What all the coaches would love to see is a stronger voice with the NCAA’s committees. The four current conferences do not pull the weight that the Big Ten and Pac-12 do, although the Big West may create a conference.

“There’s no doubt those are some of the things that have held us back,” Knipe said, “and there’s some obvious reasons why it’s hard from some men’s sports to grow.”

Ohio State coach Pete Hanson said he was having a conversation earlier Wednesday while walking through downtown State College about how schools like Wisconsin and Indiana also had teams “back in the dark ages when I was playing.

“Where would things be if those two folks had stayed in it? And maybe we’d have gotten a couple more to be involved. It makes perfect sense for me for some of those universities that maybe aren’t the Ohio States of the world, in terms of their football program, or something like that, to add those types of sports.”

Men’s volleyball also provides a chance for the “little guy” to have a chance at a national championship. Over the past dozen years, schools like Loyola (Chicago), California-Irvine and Pepperdine have won titles and other smaller schools have added the sport.

“Its not a budget-breaking sport to add for an athletic department and for a lot of schools it’s an opportunity that you can get into a national championship hunt fairly fast and fairly inexpensive,” Knipe said.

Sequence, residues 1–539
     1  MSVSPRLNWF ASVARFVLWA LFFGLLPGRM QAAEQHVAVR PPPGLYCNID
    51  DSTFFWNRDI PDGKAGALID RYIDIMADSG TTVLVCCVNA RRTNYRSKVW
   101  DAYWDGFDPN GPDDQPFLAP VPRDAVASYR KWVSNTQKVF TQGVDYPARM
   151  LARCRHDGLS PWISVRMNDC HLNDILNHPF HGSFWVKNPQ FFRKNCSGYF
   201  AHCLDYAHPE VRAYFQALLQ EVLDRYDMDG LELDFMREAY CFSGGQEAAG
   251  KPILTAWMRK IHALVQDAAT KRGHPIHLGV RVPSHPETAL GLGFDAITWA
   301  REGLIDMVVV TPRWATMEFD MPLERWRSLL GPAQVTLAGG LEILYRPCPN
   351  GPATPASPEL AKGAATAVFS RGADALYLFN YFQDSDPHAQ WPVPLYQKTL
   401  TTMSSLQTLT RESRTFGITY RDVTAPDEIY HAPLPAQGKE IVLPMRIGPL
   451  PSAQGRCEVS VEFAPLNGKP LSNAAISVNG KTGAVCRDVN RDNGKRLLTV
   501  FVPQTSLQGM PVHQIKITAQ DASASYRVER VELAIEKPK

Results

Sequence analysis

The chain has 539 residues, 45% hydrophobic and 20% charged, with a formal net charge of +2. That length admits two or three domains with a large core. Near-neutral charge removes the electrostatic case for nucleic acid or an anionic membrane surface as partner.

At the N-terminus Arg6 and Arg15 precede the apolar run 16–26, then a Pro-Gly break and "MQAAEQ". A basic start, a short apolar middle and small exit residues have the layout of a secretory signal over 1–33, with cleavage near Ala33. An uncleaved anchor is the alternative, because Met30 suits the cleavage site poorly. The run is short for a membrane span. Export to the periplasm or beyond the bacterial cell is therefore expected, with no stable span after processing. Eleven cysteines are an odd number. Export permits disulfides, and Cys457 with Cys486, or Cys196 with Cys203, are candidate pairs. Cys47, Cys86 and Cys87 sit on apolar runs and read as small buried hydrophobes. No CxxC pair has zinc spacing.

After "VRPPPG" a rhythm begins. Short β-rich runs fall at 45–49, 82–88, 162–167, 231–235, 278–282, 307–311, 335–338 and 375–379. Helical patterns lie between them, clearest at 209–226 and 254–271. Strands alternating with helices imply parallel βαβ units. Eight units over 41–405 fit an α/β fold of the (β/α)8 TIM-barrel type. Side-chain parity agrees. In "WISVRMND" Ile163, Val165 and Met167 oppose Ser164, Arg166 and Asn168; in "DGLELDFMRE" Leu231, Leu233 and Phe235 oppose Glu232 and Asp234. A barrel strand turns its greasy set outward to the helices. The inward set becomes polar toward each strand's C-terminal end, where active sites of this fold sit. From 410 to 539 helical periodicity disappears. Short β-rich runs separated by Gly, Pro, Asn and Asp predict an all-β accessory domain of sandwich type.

You again? (Part 1)

If anyone has a home court advantage this week, it might be Ohio State. The Buckeyes are visiting Rec Hall for a third time this year, with Thursday bringing their fifth match in the building.

“Aside from St. John (Arena in Columbus) I think this is my second-favorite gym to play in,” said the Buckeyes’ Miles Johnson. “Coming back here it’s always pretty comfortable, and gives, me personally, but I know our team, a pretty good confidence-booster coming here.”

Hanson has even more fond memories of the place, guiding the team to the 2011 national title the last time Penn State hosted the tournament. His team beat the Nittany Lions in the semifinals, and they had strong support for the finals against California-Santa Barbara. He’s hoping for the same support Thursday.

“The crowd kind of became pro-Ohio State because of maybe the Big Ten connection or maybe they just adopted us as their second son since we are here so often,” Hanson said. “I’d like to think we’re going to have a pretty favorable crowd.”